Blood thinners to prevent blood clots in people with cancer and central venous catheters


A central venous catheter (CVC) is a tube that is inserted into a large vein to give fluids or drugs. CVC placement increases the risk of blood clots in people with cancer. This systematic review evaluated the efficacy and safety of blood thinning agents (anticoagulants) in people with cancer.

Study characteristics

We searched the scientific literature for studies of anticoagulants (e.g. heparin) in people with cancer. The evidence is current to February 2013.

Key results

We found clinically important effects of heparin on blood clots but not on death or major bleeding. The main limitation of this systematic review is the inclusion of different types and stages of cancer.

Quality of the evidence

We judged the quality evidence for the effects of heparin to be low or moderate.

Authors' conclusions: 

Compared with no anticoagulation, we found a statistically significant reduction of symptomatic DVT with heparin and asymptomatic DVT with VKA. Heparin was associated with a higher risk of thrombocytopenia and asymptomatic DVT when compared with VKA. However, the findings did not rule out other clinically important benefits and harms. People with cancer with CVCs considering anticoagulation should balance the possible benefit of reduced thromboembolic complications with the possible harms and burden of anticoagulants.

Read the full abstract...

Central venous catheter (CVC) placement increases the risk of thrombosis in people with cancer. Thrombosis often necessitates the removal of the CVC, resulting in treatment delays and thrombosis-related morbidity and mortality.


To evaluate the relative efficacy and safety of anticoagulation for thromboprophylaxis in people with cancer with a CVC.

Search strategy: 

We searched the Cochrane Central Register of Controlled Trials (CENTRAL, Issue 12, 2012), MEDLINE Ovid (January 1966 to February 2013), and EMBASE Ovid (1980 to February 2013). We handsearched conference proceedings, checked references of included studies, used the 'related citations' feature within PubMed, and searched for ongoing studies.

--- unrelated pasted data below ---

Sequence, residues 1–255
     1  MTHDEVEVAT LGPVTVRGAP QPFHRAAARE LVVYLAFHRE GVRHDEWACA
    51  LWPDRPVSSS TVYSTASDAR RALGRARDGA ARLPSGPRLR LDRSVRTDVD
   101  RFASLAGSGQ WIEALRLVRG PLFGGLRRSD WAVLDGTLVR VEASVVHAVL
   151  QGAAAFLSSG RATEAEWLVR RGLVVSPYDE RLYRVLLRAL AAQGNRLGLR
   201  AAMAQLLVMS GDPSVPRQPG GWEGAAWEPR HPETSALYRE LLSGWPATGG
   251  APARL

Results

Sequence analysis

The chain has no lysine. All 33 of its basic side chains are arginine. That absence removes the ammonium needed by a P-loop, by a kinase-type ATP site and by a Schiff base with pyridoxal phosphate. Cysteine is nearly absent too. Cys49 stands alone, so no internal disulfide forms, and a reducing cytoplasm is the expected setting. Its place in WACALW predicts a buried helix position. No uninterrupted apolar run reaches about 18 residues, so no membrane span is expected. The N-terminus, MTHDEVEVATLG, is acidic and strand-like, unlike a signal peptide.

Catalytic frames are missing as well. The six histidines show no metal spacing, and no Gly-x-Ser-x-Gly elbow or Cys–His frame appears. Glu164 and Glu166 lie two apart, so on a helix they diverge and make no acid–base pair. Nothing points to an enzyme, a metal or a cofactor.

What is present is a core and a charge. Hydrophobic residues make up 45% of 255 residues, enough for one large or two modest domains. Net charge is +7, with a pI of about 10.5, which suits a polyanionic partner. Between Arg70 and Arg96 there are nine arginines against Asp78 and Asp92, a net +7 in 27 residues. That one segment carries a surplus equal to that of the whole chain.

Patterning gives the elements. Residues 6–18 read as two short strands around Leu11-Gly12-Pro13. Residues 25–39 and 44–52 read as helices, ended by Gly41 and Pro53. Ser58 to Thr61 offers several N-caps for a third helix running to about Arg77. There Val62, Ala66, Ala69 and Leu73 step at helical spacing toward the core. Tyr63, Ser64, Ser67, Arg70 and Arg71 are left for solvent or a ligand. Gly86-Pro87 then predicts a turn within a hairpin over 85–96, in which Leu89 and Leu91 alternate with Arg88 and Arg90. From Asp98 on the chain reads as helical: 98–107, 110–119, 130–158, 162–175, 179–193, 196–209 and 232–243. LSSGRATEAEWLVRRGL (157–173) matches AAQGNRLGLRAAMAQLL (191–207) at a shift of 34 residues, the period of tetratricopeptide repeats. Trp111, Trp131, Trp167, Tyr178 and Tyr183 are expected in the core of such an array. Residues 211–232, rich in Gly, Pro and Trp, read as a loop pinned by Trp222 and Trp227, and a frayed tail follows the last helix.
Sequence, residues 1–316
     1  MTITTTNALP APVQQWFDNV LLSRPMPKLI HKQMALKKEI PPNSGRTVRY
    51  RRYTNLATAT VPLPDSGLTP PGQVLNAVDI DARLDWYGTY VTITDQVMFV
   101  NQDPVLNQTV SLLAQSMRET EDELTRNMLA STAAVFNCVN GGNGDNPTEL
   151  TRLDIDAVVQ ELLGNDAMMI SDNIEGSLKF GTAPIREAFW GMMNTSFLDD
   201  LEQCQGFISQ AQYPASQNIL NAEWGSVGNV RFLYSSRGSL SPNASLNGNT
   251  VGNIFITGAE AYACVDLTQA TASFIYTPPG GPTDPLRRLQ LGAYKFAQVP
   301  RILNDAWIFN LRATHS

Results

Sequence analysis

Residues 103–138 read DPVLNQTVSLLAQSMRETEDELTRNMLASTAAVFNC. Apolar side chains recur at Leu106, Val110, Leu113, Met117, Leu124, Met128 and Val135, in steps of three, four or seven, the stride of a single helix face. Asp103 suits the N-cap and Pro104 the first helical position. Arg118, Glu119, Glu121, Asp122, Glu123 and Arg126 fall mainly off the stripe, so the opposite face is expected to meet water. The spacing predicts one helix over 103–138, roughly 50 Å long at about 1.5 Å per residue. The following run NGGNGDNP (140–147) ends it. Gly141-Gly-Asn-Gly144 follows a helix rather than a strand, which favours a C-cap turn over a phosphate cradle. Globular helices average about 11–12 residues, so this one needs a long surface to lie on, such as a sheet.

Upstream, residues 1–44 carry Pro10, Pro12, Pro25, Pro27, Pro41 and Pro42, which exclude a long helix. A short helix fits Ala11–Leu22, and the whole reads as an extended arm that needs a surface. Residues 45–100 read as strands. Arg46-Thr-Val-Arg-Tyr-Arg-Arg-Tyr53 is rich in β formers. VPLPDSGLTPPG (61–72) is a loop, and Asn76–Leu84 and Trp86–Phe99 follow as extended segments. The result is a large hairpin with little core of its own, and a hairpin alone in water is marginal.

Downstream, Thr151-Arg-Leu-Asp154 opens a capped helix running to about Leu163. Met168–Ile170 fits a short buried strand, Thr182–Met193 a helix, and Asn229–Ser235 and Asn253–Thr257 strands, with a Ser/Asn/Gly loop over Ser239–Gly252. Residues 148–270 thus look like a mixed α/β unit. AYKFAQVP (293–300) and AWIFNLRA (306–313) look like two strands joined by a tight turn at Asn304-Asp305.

Selection criteria: 

Randomized controlled trials (RCTs) comparing the effects of any dose of unfractionated heparin (UFH), low-molecular-weight heparin (LMWH), vitamin K antagonists (VKA), or fondaparinux with no intervention or placebo or comparing the effects of two different anticoagulants in people with cancer and a CVC.

Data collection and analysis: 

Teams of two review authors independently used a standardized form to extract data in duplicate. They resolved any disagreements by discussion. They extracted data on risk of bias, participants, interventions, and outcomes. Outcomes of interest included mortality, symptomatic deep venous thrombosis (DVT), asymptomatic DVT, major bleeding, minor bleeding, infection, and thrombocytopenia. Where possible, we conducted meta-analyses using the random-effects model.

Main results: 

Of 9559 identified citations, we included 12 RCTs (17 publications) reporting follow-up data on 2823 participants. Two of the RCTs included children. Of the 10 RCTs including 2564 adults, one compared prophylactic dose heparin with low-dose VKA. Three RCTs compared VKA with no VKA and four RCTs compared heparin with no heparin. Two additional trials had three separate arms comparing heparin, VKA, and no intervention. Prophylactic-dose heparin, compared with no heparin, was associated with a statistically significant reduction in symptomatic DVT (risk ratio (RR) 0.48; 95% confidence interval (CI) 0.27 to 0.86; moderate-quality evidence). However, results did not confirm or exclude a beneficial or detrimental effect of heparin on mortality (RR 0.82; 95% CI 0.53 to 1.26; moderate-quality evidence), major bleeding (RR 0.49; 95% CI 0.03 to 7.84; low-quality evidence), infection (RR 1.00; 95% CI 0.54 to 1.85; moderate-quality evidence); thrombocytopenia (RR 1.03; 95% CI 0.80 to 1.33; moderate-quality evidence), or minor bleeding (RR 1.35; 95% CI: 0.62 to 2.92). Low-dose VKAs, compared with no VKAs, were associated with a statistically significant reduction in asymptomatic DVT (RR 0.43; 95% CI 0.30 to 0.62). Results did not confirm or exclude a beneficial or detrimental effect of VKAs on mortality (RR 1.04; 95% CI 0.89 to 1.22; low-quality evidence), symptomatic DVT (RR 0.51; 95% CI 0.21 to 1.22; low-quality evidence), major bleeding (RR 7.60; 95% CI 0.94 to 61.49; very-low-quality evidence), or minor bleeding (RR 3.14; 95% CI 0.14 to 71.51). The use of heparin, compared with VKA was associated with a statistically significant increase in thrombocytopenia (RR 3.73; 95% CI 2.26 to 6.16; low-quality evidence) and asymptomatic DVT (RR 1.74; 95% CI 1.20 to 2.52). However, results did not show or exclude a beneficial or detrimental effect on any of the other outcomes of interest (very-low-quality evidence).